By the end of the 1960s he had a considerable reputation as a novelist (his first, Charade, drawing on his Crown Film Unit experience, and unrelated to the movie, appeared in 1947) and playwright, and had played an important role in the abolition of the death penalty and the passage of the Theatres Act, which saw off that bane of the British stage, the Lord Chamberlain’s power of censorship – not that his own work had ever been in danger from this quarter.
An irony of his leadership of the anti-censorship movement was his profound belief that anything at all should be capable of being said about sex, coupled with his own reluctance to deal in his work with anything other than its consequence. Sex was an amusing but bemusing fact of life: “The whole business has been overestimated by the poets.”
This was not, one feels, an attitude shared by Penelope. Theirs was, in fact, a remarkable marriage, although its final stages were somewhat bitterly reflected by Penelope in her novel The Home (1971). John, typically, celebrated more of the fun and laughter in his play Collaborators (1973), in which the couple metamorphosed into characters played by Glenda Jackson and John Wood.
By this time, John was a successful silk – he had become QC in 1966 – having reinvented himself as an advocate in murder trials. He found a macabre fascination in the pattern of bloodstains, and acquired a singular ability to charm expert prosecution witnesses out of their preconceptions. He was the greatest cross-examiner of such experts (“the art of cross-examination is not to examine crossly”) and many alleged murderers owed their liberty to his ability to draw out a doubt in the apparently closed mind.
But nothing in the training of the English bar and bench had equipped it for the underground press, and when, in 1971, a largely unreadable magazine called Oz published a cartoon strip featuring Rupert Bear with an erection, its editors were treated as if they had committed treason. QCs, their cab-rank principles forgotten, fled from the proffered defence brief.
A few days before the trial – for conspiracy to corrupt public morals, an offence carrying a maximum of life imprisonment – Richard Neville and I showed John the offending publication while he was lunching a young woman, also named Penelope. They giggled. We begged him to take the case. “Goody,” was his response.
Thus began his second life, as defender of the apparently indefensible, as creator of Rumpole and much else besides, and, from 1972, following his divorce, as husband of Penelope Gollop, Penny the second, and father of Emily and Rosie. His first wife died in 1999. Two autobiographies, Clinging to the Wreckage (1982) and Murderers and Other Friends (1994) speak of a life anchored in family, yet lived in a daily dramatic jumble of court cases, plays and television series, sharply observing the vanities of the world through the blur of diminishing eyesight.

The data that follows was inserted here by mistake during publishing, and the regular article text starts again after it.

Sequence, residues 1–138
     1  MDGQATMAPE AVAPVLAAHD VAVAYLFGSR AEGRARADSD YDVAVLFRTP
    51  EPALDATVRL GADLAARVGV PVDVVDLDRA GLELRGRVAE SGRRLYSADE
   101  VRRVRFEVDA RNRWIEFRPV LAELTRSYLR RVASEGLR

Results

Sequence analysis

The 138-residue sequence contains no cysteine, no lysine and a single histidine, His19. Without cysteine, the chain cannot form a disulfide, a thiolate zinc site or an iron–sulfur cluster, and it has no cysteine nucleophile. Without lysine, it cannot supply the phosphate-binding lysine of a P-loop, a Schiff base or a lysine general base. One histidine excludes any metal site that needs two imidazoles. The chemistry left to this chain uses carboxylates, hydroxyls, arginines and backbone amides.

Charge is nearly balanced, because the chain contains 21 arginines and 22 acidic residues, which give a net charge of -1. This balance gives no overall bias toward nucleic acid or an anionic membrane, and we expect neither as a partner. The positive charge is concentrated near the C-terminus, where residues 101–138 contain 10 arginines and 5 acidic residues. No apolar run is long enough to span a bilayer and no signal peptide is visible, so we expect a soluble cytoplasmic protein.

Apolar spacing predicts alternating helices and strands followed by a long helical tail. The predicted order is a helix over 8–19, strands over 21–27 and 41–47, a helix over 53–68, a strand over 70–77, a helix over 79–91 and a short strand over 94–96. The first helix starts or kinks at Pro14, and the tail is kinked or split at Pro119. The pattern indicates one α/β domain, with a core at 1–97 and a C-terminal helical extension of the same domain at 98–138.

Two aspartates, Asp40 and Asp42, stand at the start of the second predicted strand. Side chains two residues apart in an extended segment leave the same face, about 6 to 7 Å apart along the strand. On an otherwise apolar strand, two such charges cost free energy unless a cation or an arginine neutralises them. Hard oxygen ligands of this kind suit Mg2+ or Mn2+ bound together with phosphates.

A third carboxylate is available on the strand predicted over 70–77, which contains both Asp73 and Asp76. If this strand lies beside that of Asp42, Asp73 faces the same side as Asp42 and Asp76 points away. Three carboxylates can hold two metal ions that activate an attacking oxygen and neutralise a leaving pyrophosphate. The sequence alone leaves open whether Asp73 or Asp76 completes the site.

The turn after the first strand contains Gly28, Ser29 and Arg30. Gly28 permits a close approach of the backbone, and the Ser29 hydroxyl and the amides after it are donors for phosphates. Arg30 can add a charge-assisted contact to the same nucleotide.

John retired from the bar in 1981. Rumpole was the barrister he wanted to be, but wasn’t. He was too nervous – petrified before a big case, and diffident about his own abilities. However, his final speeches, meticulously handwritten, were minor works of literature. Almost alone at the bar, he could laugh a case out of court (had he stayed, he would have made a fortune in libel defences). His forensic contribution to the Oz case was effectively to end censorship for the written word, first for literature, by arguing the appeal which freed Last Exit to Brooklyn (the 1964 novel by American author Hubert Selby Jr that was prosecuted under obscenity laws for its treatment of sex, drugs and violence), then by persuading the jury to reject the moral corruption charge, and going on to demolish, at the appeal, Judge Michael Argyle’s directions on obscenity.
Of course pornography corrupted – starting with the policemen charged with enforcing the laws against it, many of whom were later jailed for taking bribes. John put on his wig and took off his glasses, so he could not see some of the trash he was called upon to defend with a success that drew rage from Mary Whitehouse and an extravagant attack from the Times, which claimed that no jury was immune to his charm.
The Williams committee on obscenity, reporting in 1980, agreed with Kenneth Tynan in crediting John with achieving a de facto freedom for the written word by his victorious defence of Inside Linda Lovelace (1973), a shabby little book that would have gone unnoticed had the DPP’s office not decided to dignify it with a prosecution, after which it sold a million copies.
From dawn each day John would be at work on his supreme creation, Rumpole of the Bailey. Horace Rumpole had, like all great fictional characters, been composed from fragments of the real people John had worked with, his father, and James Burge (a mercurial Old Bailey junior who never quite recovered from the professional consequences of defending Stephen Ward during the Profumo scandal in 1963) and Jeremy Hutchinson, a mighty defence silk married at the time to Peggy Ashcroft.
In the hands of Leo McKern and Thames Television from 1978 to 1992 (after an initial appearance on the BBC in 1975), and in novels that continued till 2006, Rumpole achieved international acclaim. There are Rumpole societies of lawyers basking undeservedly in his popularity from Los Angeles to Perth. Rumpole is, perhaps, the first truly Dickensian character to emerge from the medium of television. There remains one great virtue about him – his independence – along with much that has, for good reason, passed away. If Rumpole returned today, he would still not be made a silk. The new appointments board displays a marked bias towards appointing prosecutors rather than defenders to the rank of Queens Counsel.